Dave Seglins, Rachel Houlihan, and Laura Clementson, CBC News:
In July, the news outlets sent a pair of reporters undercover to Ticket Summit 2018, a ticketing and live entertainment convention at Caesars Palace in Las Vegas.
Posing as scalpers and equipped with hidden cameras, the journalists were pitched on Ticketmaster’s professional reseller program.
Company representatives told them Ticketmaster’s resale division turns a blind eye to scalpers who use ticket-buying bots and fake identities to snatch up tickets and then resell them on the site for inflated prices. Those pricey resale tickets include extra fees for Ticketmaster.
“I have brokers that have literally a couple of hundred accounts,” one sales representative said. “It’s not something that we look at or report.”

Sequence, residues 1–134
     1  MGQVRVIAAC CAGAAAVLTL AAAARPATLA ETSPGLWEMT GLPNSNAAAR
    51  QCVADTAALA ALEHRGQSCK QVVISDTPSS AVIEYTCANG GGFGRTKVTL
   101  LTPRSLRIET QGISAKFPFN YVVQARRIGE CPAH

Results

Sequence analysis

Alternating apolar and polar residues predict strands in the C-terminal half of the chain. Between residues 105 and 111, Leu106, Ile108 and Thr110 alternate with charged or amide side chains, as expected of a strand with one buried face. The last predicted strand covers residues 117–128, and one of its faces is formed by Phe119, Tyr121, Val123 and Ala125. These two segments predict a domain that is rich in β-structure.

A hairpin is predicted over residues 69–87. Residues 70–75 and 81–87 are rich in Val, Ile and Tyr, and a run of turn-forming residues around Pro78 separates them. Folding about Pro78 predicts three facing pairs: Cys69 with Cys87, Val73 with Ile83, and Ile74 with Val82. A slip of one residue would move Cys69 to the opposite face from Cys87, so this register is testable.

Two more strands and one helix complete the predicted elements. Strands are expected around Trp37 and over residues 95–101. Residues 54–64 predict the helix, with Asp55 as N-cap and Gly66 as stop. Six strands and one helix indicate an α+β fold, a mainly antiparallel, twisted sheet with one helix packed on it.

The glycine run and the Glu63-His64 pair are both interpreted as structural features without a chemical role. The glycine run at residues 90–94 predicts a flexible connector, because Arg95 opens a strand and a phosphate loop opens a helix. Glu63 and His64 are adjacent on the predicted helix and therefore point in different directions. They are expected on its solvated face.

Not only does Ticketmaster ignore scalpers’ tactics, this report reveals that the company effectively encourages them to exploit potential buyers with its TradeDesk software. The software’s description in the App Store indicates that it’s built for high-volume resellers, with features like bulk price adjustments and large-scale inventory management.
This is why Ticketmaster does such a terrible job at stopping automated purchases: the fee that they get from direct sales is large, but the commission they get from the reseller platforms that they own is extraordinary. Meanwhile, artists get none of the markup, their fans get bilked into paying obscene ticket prices, and Live Nation — Ticketmaster’s parent company — has a near-monopoly on large-scale tours, events, and venues. That’s not right.